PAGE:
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Sister where art thou? Posted by on Oct 25, 2012 in Current Events

As many of you might remember one of our fellow bloggers Jennie quit a few months ago because of her maternity leave. We miss her all and especially her up-to-date and witty posts. So I was thinking the other day that it would be nice to hear from her and know how it´s been.

 

 

 

 

 

 

What happend after you stopped working for the blog?

I had a baby! The lovely Milton was born in July and I’m now on maternity leave, spending my days eating loads of cake and talk about nappies/feeding/sleeping patterns etc with other new mums. In other words, I got rather boring but I quite like it.

 How did you end up in Bristol?

I met the love of my life in a crappy bar in Copenhagen five years ago. He was from Bristol and I was instantly blown away – not only by him but by the lovely city too. The decision to move here was easy, Bristol is a great place and I have lived here over four years now.

What do you miss most from Sweden?

Apart from the obvious family and friends… Bread, proper dark rye bread. Falukorv. Kexchoklad. Cinnamon rolls – things you can get a hold of in IKEA if the cravings get too bad. To be honest, most part of the year I’m not particularly homesick. But come May, I miss Sweden so much it hurts. The light, the sea, the traditions, the parties, the TV programs, the barbeques, the five week holiday… You can’t compare summers in Sweden with anything, they are the best.

How is it being an immigrant in England?

Very easy. Brits are very welcoming, chatty and everyone calls you darling, I love it but it’s unimaginable in Sweden. If the shop assistants at Ica Maxi all of a sudden would call me “älskling”, I would probably get a bit suspicions. Although Brits – I’m generalising a lot here! – are very easy to get on with – just talk about weather, football or go to the pub! – I sometimes find them a bit reserved and difficult to get close to. My outspoken and very open Swedish side can be a bit too much sometimes and I have learned to hold back a bit every now and then… Another good thing is that England is only a 1,5 hour flight to Sweden!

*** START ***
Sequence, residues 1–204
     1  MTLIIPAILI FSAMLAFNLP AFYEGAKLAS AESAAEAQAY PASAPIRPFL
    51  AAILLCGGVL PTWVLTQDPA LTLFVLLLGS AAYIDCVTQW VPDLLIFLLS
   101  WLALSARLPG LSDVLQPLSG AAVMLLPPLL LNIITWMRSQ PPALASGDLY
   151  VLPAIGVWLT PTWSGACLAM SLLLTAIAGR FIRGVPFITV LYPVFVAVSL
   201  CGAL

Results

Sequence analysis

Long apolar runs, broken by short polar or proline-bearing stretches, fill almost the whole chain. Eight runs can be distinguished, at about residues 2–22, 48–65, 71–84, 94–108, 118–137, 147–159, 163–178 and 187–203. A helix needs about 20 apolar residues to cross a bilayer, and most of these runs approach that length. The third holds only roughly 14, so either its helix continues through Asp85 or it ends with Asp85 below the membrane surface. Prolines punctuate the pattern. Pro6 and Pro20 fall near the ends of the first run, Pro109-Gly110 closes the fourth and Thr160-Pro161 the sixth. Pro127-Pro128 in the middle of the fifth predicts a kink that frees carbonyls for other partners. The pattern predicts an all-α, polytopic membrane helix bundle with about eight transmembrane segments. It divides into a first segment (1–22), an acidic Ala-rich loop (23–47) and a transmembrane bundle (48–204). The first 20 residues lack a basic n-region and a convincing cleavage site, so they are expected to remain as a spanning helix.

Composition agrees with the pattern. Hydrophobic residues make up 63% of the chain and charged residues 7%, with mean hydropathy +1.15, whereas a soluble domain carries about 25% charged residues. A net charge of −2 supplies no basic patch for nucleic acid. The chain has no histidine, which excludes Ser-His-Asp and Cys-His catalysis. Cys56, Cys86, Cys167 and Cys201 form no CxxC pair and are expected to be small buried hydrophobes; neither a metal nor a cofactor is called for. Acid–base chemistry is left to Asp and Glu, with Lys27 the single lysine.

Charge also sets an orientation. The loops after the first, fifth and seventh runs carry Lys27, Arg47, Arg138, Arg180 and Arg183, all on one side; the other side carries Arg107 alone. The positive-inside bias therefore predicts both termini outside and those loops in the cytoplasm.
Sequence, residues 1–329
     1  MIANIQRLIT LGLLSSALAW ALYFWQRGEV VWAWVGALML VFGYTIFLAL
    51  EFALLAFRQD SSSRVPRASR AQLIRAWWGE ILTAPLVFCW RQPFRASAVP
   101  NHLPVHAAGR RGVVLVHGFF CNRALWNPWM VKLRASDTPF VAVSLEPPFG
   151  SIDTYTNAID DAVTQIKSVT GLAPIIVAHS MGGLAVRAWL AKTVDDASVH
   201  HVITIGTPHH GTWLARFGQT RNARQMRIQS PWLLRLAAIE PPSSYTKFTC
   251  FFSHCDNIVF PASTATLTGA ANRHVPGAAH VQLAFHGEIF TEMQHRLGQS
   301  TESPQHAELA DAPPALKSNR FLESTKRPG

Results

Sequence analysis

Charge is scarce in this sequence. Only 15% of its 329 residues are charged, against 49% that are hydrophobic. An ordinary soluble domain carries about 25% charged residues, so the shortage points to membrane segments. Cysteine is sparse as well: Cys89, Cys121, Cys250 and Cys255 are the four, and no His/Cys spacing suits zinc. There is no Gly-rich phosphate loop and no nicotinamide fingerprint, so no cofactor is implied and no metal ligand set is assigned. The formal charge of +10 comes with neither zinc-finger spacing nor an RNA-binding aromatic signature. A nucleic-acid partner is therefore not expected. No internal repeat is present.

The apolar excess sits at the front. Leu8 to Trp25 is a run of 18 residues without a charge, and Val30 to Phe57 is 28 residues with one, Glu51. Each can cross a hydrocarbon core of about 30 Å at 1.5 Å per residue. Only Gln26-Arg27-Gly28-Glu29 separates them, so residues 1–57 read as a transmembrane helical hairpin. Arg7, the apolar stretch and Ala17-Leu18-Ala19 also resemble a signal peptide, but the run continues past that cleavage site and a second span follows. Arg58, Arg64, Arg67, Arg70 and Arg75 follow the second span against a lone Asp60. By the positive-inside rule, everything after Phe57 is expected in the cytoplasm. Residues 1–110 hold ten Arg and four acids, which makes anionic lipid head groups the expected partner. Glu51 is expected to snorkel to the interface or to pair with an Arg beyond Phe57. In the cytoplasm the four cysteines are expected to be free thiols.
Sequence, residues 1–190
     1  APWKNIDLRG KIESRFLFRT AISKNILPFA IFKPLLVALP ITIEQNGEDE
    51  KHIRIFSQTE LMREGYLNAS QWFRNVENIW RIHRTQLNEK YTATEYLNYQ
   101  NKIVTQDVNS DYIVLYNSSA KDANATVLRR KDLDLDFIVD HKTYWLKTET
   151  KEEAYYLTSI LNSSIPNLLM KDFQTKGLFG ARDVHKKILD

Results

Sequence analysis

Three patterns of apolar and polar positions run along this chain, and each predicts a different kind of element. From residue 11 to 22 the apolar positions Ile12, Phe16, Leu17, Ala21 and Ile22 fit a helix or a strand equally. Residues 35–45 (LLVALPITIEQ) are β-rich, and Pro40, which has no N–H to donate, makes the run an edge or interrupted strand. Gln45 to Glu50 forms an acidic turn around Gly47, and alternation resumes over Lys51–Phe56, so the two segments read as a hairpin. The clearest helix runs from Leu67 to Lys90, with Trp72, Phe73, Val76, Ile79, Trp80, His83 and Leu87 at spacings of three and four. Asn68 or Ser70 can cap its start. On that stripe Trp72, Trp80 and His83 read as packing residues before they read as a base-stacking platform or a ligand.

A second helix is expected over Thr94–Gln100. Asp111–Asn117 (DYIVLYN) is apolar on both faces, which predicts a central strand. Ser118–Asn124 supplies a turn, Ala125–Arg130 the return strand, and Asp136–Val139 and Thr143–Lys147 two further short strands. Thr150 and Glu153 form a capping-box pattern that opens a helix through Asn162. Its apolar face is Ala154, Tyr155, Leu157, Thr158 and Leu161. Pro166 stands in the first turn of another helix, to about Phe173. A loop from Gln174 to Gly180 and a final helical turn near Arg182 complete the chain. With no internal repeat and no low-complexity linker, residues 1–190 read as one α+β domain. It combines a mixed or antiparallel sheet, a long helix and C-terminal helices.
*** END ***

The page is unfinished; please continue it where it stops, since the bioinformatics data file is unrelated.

What would you take home to Sweden from England?

The pub culture. The price of pretty much everything. The word “Please” and the general politeness. The BBC.  Proper fish and chips. Christmas crackers…

And what would you import to England from Sweden?

The Swedish social welfare system, like maternity/paternity leave and the childcare (is it obvious that I just had a baby?). Because childcare is sooo expensive here, many women end up never going back to work because they simply can’t afford it. And because your employer is paying most of your maternity leave, you can just imagine how attractive it is to employ a woman in her late twenties… Oh, and proper snow! Not the slushy nonsense we get here that seems to put the whole country on hold.
What are the misconception about Swedes in England?

That it’s cold and dark pretty much all the time and that everyone looks like supermodels.

How does your husband see Sweden from the outside?

He thinks all of Sweden smells of dill, that we are dill crazy and put it in everything. He loves the wildness of the countryside and the calm seas – no tide in sight what so ever! – and he is picking berries and mushrooms like a mad man when we are back home in the summer. He sometimes laughs at the uniformity within the Swedish culture, like our breakfast habits, the fashion, the interiors of our houses, our Christmas/Easter/Midsummer buffet style foods – same things every time…

And you? What can you see differently from the outside? Any positive/negative observations?

I do find Swedes quite uniformed, we do like doing what everyone else is doing and we do like to dress how everyone else is dressing. But everyone does look like supermodels…

Where are you 5 years from now?

Living in Sweden, running a pub and looking like a supermodel!

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Comments:

  1. Kevin:

    Do they actually have Pubs in Sweden ? I think at Swedish prices a bloke would go broke. Mainly I see what looks to be restaurants here, but rarely anything resembling a Tavern like the rest of Europe.

    Besides, Swedes load up at Systembolaget and are known for being “Do-It-Your-Selfers” at home – *smile*

  2. Erik Hallen:

    Great answers!!!lol Enjoy the new baby, the days are long and the years are short,miss my babies who are now in college
    Cheers
    Erik NorCal